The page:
Tahati Resettlement
  Somae was not only packed with Anharan refugees but leftover Tahati camp followers and surviving charioteers. The Council had neither the appetite nor capacity to slaughter such a vast number, more than two thousand, surviving Tahati. Through the translations of the Crimson Quill, Gaerith himself parlayed directly with a group of Tahatis, self-selected from amongst the survivors to represent their interests.   Through the persuasion of several Quills and professors, the Tahatis were allowed to remain outside of the city in their own encampment, provided they submitted to oversight by an officer of the Lord's choosing and practiced their crafts to the benefit of the city. From here grew Latterbottom - or al-Hisar - a colony of Tahatis to this day. This neighborhood existed not without discrimination or suffering, but nevertheless survived and flourished, becoming the largest market for Tahati crafts and imports, contributing to the multicultural fabric of Somae.  
The Vassals
  The Threshing left a dearth of minor nobility in the outer Trifling Fields. Some were killed in combat, some died painfully in sieges, and some were outcasts for surrendering in the initial battles. Soldiers, of some noble birth and bearing to be sure, but nonetheless of very minor gentry, were elevated following dedicated, always bloody, service in the war. These became the new lords of the Trifling Fields. They entered into their rules having no claim to the rights and privileges of their predecessors, which yielded control back to a more centralized House Thewisy.   In exchange, the lords received the right of being called to, and the privilege of speaking in, what would become known as a Rostrele. The Rostrele, a diminutive word for the Rostrum, is a sort of localized council - generally found as a merchant and minor gentry-led city government. In the Trifling Fields, however, it became a larger, summonable, version of the Lord's Council.   In a less profound, but still important decision, Gaerith II sought to bring justice to the many victims of looting and other crimes, performed by their fellow Anharans, in the vacuum of authority during the war. With a thinner body of rural nobility surviving, he ordered payment be provided to jurors, and that the jury pool be opened further to minor gentry and knights. Further, the Lord's Council began appointing more representatives of the Lord's Justice to the traveling courts.  

Caersea Calamity

The Crossing Over
  After the Threshing, House Thewisy increasingly flexed their muscle on their national stage. Gaerith II disagreed strongly with his father's foreign policy, taking issue with his lack of decisive intervention in the Braelean Hedge Wars. He, and several generations of successors, took a much more active role in affairs outside their Trifling Fields.   The greatest test of House Thewisy's newfound expansionist appetite came after the Crossing Over. The withdrawal of the Ruling Gods, here Vestria, caused chaos and upheaval in much of the world. In Anhara, the divine favoritism and protection granted to the Founding Houses fell away. Those major houses that were already dying had their remains divvied up, and those still strong had to reckon with emboldened vassals. Due to the reshuffling of their houses after the Threshing, few issues existed in the Trifling Fields.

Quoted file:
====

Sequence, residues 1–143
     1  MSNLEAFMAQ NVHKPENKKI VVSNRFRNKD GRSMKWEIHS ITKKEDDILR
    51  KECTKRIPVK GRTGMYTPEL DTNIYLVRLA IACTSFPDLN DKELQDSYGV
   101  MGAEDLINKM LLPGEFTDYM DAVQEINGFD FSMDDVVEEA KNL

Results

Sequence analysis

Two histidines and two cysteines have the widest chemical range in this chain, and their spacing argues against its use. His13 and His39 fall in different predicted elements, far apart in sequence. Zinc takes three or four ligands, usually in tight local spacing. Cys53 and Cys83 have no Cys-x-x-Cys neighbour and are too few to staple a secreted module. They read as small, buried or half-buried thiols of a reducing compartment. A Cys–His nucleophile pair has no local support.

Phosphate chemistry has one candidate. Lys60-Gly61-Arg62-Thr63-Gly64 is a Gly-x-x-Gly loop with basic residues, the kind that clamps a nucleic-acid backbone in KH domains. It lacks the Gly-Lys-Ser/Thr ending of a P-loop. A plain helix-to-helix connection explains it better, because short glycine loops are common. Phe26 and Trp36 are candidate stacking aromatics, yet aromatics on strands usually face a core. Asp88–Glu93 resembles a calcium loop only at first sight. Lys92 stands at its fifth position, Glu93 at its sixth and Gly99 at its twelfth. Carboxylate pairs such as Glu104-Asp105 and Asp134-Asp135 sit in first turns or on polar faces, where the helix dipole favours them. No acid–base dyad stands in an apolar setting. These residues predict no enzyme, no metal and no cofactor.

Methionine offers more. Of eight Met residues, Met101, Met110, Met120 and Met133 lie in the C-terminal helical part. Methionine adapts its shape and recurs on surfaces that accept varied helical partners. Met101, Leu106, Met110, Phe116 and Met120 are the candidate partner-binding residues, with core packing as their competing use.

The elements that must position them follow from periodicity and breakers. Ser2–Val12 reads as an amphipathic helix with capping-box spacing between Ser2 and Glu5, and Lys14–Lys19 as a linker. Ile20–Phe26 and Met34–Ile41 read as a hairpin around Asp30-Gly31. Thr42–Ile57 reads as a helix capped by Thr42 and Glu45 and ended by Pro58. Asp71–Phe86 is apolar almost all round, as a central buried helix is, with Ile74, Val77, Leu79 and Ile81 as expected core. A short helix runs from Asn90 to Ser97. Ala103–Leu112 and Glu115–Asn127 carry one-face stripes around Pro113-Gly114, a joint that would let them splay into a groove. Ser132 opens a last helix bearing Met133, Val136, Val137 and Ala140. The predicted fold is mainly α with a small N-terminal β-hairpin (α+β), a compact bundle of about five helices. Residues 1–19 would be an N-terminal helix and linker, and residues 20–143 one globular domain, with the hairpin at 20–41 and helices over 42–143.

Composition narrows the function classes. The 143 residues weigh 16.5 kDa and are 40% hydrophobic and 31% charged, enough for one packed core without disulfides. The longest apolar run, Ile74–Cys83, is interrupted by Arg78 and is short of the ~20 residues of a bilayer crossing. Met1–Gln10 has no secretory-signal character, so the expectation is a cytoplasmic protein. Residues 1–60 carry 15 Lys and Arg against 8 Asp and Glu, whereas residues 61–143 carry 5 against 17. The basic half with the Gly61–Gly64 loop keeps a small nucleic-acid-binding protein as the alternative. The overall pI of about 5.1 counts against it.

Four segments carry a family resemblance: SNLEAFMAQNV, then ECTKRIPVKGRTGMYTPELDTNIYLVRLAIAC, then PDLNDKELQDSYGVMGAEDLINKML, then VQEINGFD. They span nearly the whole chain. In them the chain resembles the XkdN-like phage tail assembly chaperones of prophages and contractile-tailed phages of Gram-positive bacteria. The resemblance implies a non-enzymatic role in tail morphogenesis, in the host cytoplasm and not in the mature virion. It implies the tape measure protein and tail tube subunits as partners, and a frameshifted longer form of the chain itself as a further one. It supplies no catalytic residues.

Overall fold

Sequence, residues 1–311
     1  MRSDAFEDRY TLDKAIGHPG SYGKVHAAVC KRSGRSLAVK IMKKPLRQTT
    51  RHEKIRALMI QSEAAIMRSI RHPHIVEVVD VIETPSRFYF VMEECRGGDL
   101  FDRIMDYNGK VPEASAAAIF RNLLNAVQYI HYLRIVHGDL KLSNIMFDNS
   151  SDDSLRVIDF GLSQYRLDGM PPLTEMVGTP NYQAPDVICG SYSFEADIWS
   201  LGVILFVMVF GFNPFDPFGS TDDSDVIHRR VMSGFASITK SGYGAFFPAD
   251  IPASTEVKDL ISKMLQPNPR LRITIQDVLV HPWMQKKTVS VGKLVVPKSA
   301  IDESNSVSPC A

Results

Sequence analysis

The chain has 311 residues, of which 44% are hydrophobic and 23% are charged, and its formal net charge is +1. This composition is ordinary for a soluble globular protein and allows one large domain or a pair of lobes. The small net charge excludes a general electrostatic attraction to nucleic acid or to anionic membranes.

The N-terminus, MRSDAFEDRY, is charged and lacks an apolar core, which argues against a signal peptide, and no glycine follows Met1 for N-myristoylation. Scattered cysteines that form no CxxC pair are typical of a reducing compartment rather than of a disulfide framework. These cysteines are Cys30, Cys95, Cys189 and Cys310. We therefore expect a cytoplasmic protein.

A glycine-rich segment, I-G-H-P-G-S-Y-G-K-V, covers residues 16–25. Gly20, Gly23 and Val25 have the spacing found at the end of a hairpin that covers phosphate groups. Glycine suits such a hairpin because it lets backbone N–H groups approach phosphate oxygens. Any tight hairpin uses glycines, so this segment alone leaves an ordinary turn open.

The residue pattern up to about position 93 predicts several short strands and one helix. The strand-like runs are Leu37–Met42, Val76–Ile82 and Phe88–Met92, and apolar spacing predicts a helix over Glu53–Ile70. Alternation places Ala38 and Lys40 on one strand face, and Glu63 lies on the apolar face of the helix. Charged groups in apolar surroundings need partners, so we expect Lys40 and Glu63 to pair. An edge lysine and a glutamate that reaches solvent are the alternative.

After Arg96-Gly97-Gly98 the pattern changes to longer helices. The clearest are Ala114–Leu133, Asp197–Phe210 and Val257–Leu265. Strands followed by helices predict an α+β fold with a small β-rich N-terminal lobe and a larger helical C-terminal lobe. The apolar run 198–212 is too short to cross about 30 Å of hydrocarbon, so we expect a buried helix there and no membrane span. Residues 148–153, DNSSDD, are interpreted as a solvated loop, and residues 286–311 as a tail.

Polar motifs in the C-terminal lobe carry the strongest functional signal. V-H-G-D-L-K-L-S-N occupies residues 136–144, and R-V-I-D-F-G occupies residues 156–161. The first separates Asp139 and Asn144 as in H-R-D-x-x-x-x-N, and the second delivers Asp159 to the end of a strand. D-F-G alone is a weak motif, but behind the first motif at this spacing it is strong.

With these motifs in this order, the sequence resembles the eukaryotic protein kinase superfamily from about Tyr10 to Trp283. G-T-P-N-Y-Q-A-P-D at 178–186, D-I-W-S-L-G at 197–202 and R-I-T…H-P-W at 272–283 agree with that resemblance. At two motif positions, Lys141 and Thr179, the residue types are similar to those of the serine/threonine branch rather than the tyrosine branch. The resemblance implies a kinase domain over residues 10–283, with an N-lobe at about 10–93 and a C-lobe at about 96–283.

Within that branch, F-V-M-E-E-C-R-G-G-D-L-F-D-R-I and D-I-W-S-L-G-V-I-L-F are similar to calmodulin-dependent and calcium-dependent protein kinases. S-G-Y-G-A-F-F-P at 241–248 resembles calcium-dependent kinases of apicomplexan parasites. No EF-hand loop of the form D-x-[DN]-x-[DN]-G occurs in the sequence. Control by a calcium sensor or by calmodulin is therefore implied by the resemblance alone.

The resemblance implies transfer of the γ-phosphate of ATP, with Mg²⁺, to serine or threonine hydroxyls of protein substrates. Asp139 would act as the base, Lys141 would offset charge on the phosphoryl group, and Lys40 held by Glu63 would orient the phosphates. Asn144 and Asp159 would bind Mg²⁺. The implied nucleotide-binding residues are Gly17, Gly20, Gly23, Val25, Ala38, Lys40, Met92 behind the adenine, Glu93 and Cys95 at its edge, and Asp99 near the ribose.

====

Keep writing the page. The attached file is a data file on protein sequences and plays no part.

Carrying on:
House Caersea
  Where there were issues was the neighboring Stonewebs. House Caersea began their rule with a similar system to what the Thewisys eventually implemented - a sort of council of vassals. The minor houses of the Stonewebs are isolated and autonomous, ruling over mountainous keeps and surrounding small settlements. Because of the threat from al-Tahat, the Stoneweb houses maintain both their own standing men and can quickly raise a militia of drilled civilians. These houses were put in a prime position to disregard their liege.   Because of their isolation, the lords of these minor houses had a high level of autonomy. To deal with this, they would be summoned annually to the Caerseat to consult with the Keeper of the Eastmarches, and receive a sort of agenda from which they would be expected to base their autonomous decisions on. Over time, the Caerseas gave less regard to consulting with their vassals and tried to centralize like House Thewisy. However, rather than doing so by tying their vassals' loyalties closely to themselves as the Thewisys did, they drifted from their honorable roots.  
Sack of the Caerseat
  Relations between the Caersea and their vassals were at their lowest in 10 AM, just in time for one of the biggest naval attacks on the Caerseat. Pirates from Nemura's Cay had long fought House Caersea on the water and raided their coasts. Fresh off victories against the Litoric Islands, they organized an evening raid of the Caerseat. Slinking into the city at night, fires were started across the city in a coordinated attack, and most of the Caerseas were killed in the subsequent storming of their castle.   Surviving this clandestine raid was Olivi Caersea, the youngest son and last remaining heir, who was headed south to Somae at the time. Instead of joining the Crimson Quill as planned, Olivi bent the knee to Lord Thewisy, and yielded the title of Keeper of the Eastmarches to that house. What Thewisy historiographers have painted as a generous act, done knowing the Caerseas were no longer able to uphold their oaths to defend the region, has a more complex history. In reality, Olivi struck a deal, giving House Caersea generous rights for a vassal, and control over many of their former minor houses.